A 2011 Labor Day message from IAM President Tom Buffenbarger:
Many of us will be using this Labor Day weekend to get together with friends and family and celebrate the tremendous contribution that American workers have made to our nation. Sadly, this year’s Labor Day comes at a trying time for our nation’s workforce.
Unemployment numbers remain stuck above nine percent, as nearly 14 million workers have been condemned to joblessness. Millions more are underemployed or involuntarily working part-time jobs. And in the last month alone, the stock market has lost trillions, delivering a severe blow to the retirement security of millions of Americans.
Our country’s workers have bounced back from adversity before, and there’s no doubt that we will do it again this time. But it’s going to take innovative policies that build on our nation’s strengths and lay the groundwork for an economy that will thrive for decades to come.
There’s no better place to start than by fortifying our industrial infrastructure. America’s economic future relies on our capacity to make things that people around the world want and need.
Yet our manufacturing sector has been waning.
In July, for example, the Institute for Supply Management’s manufacturing index – an indicator of industrial business activity – dropped to 50.9 percent from June’s 55.3 percent. This was bad news for factories, as only percentages above 50 indicate that the manufacturing sector is expanding.
It doesn’t have to be this way. By harnessing the skills of the millions of Americans that have been idled by our weak economy, we can make sure that our national manufacturing sector has what it takes to compete in a 21st century economy.
What we need is an initiative in the mold of Franklin Roosevelt’s Works Progress Administration, which put millions of Americans to work in the Great Depression on projects that improved their communities.
Whether an out-of-work accountant, or a struggling dock worker, the WPA used their skills and expertise to improve our nation by building everything from LaGuardia Airport in New York, to the Griffith Observatory in Los Angeles.
Following that model, our lawmakers can get unemployed Americans working again by using federal funds to update our factories, install the most state-of-the-art equipment, revamp marketing plans and simplify the way workers are managed.
This isn’t a task solely for factory workers and engineers. It will require managers and marketers, computer programmers and custodians. It’s going to take brains and brawn to ensure that our factories are able to spark a manufacturing revolution that can help pull us out of this economic downturn.
Sadly, ideas like this are nowhere to be found in the Washington debate. What began as political gamesmanship over fiscal policy has turned into a game of Russian roulette, as lawmakers risk the economic health of our nation to score political points.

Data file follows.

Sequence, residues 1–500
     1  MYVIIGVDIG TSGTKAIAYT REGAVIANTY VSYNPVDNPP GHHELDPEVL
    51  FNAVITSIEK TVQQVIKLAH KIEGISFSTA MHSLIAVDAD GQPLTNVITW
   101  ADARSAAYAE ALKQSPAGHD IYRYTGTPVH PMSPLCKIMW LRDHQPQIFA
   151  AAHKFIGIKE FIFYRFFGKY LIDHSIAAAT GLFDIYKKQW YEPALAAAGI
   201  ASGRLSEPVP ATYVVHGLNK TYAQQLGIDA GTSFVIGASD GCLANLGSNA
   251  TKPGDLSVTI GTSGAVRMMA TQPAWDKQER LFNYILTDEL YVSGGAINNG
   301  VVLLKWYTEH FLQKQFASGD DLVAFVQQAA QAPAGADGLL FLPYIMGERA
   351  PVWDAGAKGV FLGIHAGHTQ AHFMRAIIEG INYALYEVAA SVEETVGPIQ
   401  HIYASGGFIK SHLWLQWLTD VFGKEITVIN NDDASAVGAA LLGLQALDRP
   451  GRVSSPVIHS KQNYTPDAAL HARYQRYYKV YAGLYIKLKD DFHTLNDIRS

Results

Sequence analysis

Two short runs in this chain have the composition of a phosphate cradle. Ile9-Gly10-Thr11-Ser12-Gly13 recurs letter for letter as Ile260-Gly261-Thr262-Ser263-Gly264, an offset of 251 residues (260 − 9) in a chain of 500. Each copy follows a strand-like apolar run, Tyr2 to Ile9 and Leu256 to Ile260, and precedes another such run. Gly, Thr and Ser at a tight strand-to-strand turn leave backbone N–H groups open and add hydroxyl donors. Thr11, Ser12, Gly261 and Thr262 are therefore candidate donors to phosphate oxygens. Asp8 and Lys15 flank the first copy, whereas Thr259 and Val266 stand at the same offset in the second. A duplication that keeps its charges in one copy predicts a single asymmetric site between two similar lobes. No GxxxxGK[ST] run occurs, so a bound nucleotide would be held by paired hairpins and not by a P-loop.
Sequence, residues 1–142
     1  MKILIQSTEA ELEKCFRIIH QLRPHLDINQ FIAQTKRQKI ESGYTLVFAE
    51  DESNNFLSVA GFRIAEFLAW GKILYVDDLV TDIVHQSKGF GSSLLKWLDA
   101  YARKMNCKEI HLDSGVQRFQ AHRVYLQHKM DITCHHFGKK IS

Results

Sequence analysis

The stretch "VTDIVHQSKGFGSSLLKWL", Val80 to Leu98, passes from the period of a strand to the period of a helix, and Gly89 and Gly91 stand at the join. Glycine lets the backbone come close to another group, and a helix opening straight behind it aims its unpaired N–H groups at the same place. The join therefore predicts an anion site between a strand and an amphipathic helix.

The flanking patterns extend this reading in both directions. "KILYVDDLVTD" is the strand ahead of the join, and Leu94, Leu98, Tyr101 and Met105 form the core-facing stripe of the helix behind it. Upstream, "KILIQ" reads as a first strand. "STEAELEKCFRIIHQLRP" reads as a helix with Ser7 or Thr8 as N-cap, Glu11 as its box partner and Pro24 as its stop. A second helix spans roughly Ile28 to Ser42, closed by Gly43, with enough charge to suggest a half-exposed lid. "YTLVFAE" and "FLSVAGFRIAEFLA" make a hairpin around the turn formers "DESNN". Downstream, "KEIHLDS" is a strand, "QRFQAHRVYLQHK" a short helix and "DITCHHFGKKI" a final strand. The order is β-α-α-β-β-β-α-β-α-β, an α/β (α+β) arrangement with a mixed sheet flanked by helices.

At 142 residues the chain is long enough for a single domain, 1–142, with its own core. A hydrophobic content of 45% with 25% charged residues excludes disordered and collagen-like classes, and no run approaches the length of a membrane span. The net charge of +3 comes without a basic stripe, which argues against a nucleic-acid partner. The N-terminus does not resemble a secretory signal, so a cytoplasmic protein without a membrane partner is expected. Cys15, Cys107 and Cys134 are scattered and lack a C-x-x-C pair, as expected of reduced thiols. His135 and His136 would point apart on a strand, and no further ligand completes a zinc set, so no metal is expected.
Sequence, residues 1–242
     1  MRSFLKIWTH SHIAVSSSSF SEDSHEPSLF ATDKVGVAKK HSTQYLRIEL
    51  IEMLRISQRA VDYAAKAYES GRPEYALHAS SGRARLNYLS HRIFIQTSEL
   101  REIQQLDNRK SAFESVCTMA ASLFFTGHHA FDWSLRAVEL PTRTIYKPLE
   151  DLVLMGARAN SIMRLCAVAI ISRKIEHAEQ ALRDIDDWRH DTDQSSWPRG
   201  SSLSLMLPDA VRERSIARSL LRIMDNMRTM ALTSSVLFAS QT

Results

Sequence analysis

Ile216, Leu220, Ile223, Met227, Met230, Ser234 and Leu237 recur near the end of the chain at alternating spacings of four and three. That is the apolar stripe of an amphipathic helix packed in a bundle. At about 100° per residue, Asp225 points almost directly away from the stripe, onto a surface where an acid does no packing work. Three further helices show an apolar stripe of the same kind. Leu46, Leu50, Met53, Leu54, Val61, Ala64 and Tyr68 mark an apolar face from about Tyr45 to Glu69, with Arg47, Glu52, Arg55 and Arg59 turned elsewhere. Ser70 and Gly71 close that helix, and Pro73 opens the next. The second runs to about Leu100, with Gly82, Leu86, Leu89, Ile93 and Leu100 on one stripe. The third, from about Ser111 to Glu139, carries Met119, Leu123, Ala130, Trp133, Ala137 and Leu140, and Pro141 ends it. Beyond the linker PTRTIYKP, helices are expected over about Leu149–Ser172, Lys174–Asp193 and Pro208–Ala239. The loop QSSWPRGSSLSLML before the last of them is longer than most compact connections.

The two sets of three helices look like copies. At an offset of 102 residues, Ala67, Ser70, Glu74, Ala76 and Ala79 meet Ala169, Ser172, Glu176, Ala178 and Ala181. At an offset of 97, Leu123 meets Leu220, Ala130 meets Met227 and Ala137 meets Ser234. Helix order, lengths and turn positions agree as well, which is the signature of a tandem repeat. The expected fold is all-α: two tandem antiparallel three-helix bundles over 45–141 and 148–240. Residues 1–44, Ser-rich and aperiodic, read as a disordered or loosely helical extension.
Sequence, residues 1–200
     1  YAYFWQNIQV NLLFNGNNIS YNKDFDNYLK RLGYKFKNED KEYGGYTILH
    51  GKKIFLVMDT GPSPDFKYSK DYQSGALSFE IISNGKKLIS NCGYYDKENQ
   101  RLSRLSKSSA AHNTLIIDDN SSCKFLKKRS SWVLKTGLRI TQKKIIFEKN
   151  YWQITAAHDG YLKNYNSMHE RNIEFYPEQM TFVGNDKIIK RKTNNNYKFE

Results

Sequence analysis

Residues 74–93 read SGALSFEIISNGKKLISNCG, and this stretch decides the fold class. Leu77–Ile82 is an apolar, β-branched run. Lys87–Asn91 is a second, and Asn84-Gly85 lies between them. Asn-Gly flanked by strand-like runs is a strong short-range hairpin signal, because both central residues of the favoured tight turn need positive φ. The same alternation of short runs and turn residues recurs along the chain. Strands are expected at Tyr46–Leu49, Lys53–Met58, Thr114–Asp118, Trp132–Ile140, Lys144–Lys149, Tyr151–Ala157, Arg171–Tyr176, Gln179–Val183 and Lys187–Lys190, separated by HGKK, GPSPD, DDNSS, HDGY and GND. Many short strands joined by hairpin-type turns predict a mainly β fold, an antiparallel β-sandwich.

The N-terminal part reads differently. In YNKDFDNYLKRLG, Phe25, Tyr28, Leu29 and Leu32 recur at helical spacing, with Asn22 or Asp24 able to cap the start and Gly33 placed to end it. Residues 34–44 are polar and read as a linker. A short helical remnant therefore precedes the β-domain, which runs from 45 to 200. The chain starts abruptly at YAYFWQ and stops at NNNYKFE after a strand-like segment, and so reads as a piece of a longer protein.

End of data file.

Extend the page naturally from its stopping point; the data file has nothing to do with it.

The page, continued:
But our nation’s capital is no place to reenact a scene from “The Deer Hunter.” It’s a place where statesman should come together to solve problems.
There are no greater problems than the high rate of unemployment and the sluggish rate of economic growth. Both of these issues can be addressed by deploying federal funds right away to create a modern WPA.
Roosevelt’s WPA put 3.5 million men to work in a single year – the equivalent of finding jobs for 8 million Americans today. The program’s cost? Just $13 billion, which is equivalent to about $200 billion today.
The original WPA built 650,000 miles of road, 98,000 bridges, 125,000 buildings and 800 airports. Today, we could lay thousand of miles of fiber optic cables, cover entire neighborhoods with wifi, tear down decrepit factories and open manufacturing innovation centers in every state.
Over the past decade, our nation has spent about $1.3 trillion on the wars in Iraq and Afghanistan. So surely we have the money to create jobs for out-of-work Americans and provide economic relief for struggling families.
Creating jobs would also help restore dignity to the lives of millions of Americans who have been demoralized by months and months of joblessness. What better way to give renewed purpose to these Americans than to offer them an opportunity to take part in strengthening their nation?
This wouldn’t just be good policy; it would also be good politics. President Obama is suffering in the polls for the lackluster economy and the gridlock in Washington. Pushing through a 21st Century WPA would be a visionary step that would prove that he has the ideas and the boldness to lead us out of recession.
More importantly, if it does come to pass, a modern-day WPA would give us something to really celebrate when Labor Day comes around next year.